Monday, October 21, 2019

Israel opens ‘apartheid road’


By Ary Gotlib - January 24, 2019
TAGS:
Section: [Main News]
Tags: [E1] [Jerusalem] [Apartheid]

A new Jerusalem highway road has opened in the occupied West Bank, drawing labels of it as an apartheid road.

 
Route 4370, a 2-mile stretch, divides Palestinian cars on the west side from Jewish settlers cars on the east Side by an eight-meter high wall in the middle topped with fencing, according to Israeli newspaper Haaretz .
 
This road has been greeted by Israelis, who also see it as a “gift” for Palestinians.
 
Though it is hard to swallow for Palestinians, who calls it an "Apartheid Road," reported Al-Jazeera.


Source: Haaretz.
 
The West Bank has many segregated roads, but it’s the first time that one of them is divided along its entire length by a wall.
 
“It is a grotesque symbol of Israel’s policy of segregation in the West Bank,” according to a Haaretz editorial.
 
“The construction of the new road was intended to shorten and optimise travel times for Palestinian residents of Judea and Samaria [biblical name for the West Bank]," the Israeli Coordinator of Government Activities in the Territories (COGAT) spokesperson said in a Facebook video.
 
Road 4370 is the first operational section of an eastern ring road around Jerusalem.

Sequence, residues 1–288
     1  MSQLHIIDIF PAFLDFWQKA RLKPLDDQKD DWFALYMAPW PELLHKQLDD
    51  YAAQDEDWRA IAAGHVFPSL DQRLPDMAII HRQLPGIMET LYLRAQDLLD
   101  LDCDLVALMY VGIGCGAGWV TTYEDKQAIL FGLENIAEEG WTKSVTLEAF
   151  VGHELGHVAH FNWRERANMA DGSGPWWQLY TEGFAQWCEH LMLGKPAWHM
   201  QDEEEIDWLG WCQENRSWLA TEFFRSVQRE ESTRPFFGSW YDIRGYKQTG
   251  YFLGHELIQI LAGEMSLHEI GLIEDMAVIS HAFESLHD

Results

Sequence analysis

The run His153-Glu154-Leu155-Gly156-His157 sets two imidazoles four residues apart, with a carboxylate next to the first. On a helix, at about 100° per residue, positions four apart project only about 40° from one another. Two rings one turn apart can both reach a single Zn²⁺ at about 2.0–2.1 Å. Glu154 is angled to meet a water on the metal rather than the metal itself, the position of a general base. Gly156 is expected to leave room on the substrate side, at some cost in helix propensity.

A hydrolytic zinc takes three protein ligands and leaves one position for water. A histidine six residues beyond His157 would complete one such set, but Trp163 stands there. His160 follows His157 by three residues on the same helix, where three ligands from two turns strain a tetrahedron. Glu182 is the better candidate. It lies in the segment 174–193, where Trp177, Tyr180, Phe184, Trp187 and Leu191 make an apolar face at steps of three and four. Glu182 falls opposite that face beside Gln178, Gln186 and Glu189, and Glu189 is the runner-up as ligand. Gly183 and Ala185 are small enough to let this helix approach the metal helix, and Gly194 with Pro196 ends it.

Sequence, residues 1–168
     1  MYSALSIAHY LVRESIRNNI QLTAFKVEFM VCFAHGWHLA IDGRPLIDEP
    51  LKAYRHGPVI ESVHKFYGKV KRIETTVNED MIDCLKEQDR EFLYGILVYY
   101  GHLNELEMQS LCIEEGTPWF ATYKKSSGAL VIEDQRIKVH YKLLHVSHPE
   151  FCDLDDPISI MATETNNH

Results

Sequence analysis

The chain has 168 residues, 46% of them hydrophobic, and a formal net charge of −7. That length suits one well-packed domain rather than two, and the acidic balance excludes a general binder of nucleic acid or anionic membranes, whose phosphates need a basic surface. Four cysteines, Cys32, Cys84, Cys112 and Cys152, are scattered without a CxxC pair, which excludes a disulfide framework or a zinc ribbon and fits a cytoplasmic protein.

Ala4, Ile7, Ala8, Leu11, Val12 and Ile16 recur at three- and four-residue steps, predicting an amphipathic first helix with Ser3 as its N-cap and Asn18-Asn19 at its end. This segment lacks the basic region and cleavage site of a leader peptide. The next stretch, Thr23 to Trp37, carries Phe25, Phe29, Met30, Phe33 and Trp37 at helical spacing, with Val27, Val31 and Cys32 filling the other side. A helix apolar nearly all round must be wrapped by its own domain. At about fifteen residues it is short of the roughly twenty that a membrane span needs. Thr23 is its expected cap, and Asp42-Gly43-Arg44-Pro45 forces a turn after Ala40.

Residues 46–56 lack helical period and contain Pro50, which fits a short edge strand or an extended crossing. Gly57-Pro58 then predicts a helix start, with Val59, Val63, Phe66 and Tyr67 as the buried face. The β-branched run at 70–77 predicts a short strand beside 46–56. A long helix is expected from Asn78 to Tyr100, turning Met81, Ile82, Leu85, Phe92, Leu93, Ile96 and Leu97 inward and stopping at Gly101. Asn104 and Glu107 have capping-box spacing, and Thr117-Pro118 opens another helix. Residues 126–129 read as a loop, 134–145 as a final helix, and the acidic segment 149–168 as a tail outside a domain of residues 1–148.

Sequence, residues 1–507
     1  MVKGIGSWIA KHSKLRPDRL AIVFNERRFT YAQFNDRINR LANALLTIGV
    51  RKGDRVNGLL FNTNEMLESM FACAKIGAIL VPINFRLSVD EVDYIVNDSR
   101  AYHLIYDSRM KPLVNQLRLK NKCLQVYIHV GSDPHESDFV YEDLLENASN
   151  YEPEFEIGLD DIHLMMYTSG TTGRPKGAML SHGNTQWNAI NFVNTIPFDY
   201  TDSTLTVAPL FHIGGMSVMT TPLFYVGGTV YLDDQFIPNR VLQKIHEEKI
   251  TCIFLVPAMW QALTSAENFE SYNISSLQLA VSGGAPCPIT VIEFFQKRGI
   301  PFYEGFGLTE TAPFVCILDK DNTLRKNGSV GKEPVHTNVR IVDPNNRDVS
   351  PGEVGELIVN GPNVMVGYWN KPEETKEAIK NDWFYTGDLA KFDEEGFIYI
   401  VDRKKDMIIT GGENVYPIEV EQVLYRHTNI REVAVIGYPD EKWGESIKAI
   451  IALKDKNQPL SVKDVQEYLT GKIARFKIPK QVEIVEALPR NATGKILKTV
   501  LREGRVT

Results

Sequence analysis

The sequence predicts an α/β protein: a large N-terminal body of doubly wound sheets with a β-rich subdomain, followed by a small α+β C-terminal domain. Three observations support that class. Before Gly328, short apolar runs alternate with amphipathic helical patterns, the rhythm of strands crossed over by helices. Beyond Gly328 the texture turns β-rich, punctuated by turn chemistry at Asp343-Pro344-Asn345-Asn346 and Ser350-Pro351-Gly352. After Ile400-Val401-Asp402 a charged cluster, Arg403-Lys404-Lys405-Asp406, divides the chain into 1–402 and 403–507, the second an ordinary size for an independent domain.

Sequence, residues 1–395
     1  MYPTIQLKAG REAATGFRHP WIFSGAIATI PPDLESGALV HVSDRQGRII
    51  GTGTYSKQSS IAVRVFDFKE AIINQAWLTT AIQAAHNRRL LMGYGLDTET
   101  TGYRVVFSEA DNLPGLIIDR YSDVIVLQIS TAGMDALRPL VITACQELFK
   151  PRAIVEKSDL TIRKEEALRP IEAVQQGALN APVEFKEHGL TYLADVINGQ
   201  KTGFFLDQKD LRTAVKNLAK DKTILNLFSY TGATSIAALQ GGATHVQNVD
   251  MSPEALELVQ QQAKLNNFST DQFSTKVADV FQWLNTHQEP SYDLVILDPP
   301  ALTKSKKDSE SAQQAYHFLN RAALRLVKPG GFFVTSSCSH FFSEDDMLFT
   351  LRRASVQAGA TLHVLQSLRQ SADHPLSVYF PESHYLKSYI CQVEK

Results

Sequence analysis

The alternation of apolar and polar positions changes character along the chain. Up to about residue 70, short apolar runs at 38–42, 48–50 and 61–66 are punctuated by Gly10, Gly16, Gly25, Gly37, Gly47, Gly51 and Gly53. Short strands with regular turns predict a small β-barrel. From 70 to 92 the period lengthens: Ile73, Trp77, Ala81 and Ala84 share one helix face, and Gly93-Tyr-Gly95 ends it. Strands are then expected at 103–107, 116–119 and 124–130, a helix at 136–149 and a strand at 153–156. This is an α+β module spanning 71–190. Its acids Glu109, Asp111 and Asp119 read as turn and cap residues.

On the western side of the road, Palestinians cannot enter Jerusalem (only with an Israeli military-issued permit), whereas the road’s eastern side is linking settlements north of Jerusalem to the capital.
 
The road is part of a bigger Israeli project to link the eastern outskirts of Jerusalem, a controversial area known as E-1 or Greater Jerusalem.
 
Around 140,000 Palestinians living in East Jerusalem towns and villages would be displaced due to the annexation of E-1, desired and put in place by Israeli authorities.
 
A decade ago, the late Israeli Prime Minister Ariel Sharon had already conceived this highway, but international pressure delayed construction for years, reminded the New York Post.
 
“Access to the capital has been revolutionized,” Yisrael Gantz, head of the Binyamin Regional Council, said during the opening ceremony of the road.
 
Gantz called the road no less than an oxygen line for the region’s residents, who work, study and go out for entertainment in the city.
 
Transportation Minister, Yisrael Katzthe believes this road is “an example of the ability to create a common life between Israelis and Palestinians while addressing security concerns,” related Haaretz.
 
Al Jazeera reported that Palestinians from the village of Anata said part of the highway is built on their private land.
 
For Ahmed Rifea, an Anata resident, "anyone can see the Israelis' plan, they want to take that land.”
 
Israeli activist group Ir Amim agreed andsaid the highway "eliminates one of the obstacles to settlement construction in E-1 and should signal cause for heightened vigilance."
 
“The new road won’t whitewash the settlements and it won’t make the Palestinians disappear, it will only add another stain to Israel’s reputation,” concluded the editorial of Haaretz.
 
Lead image source: Maan News.

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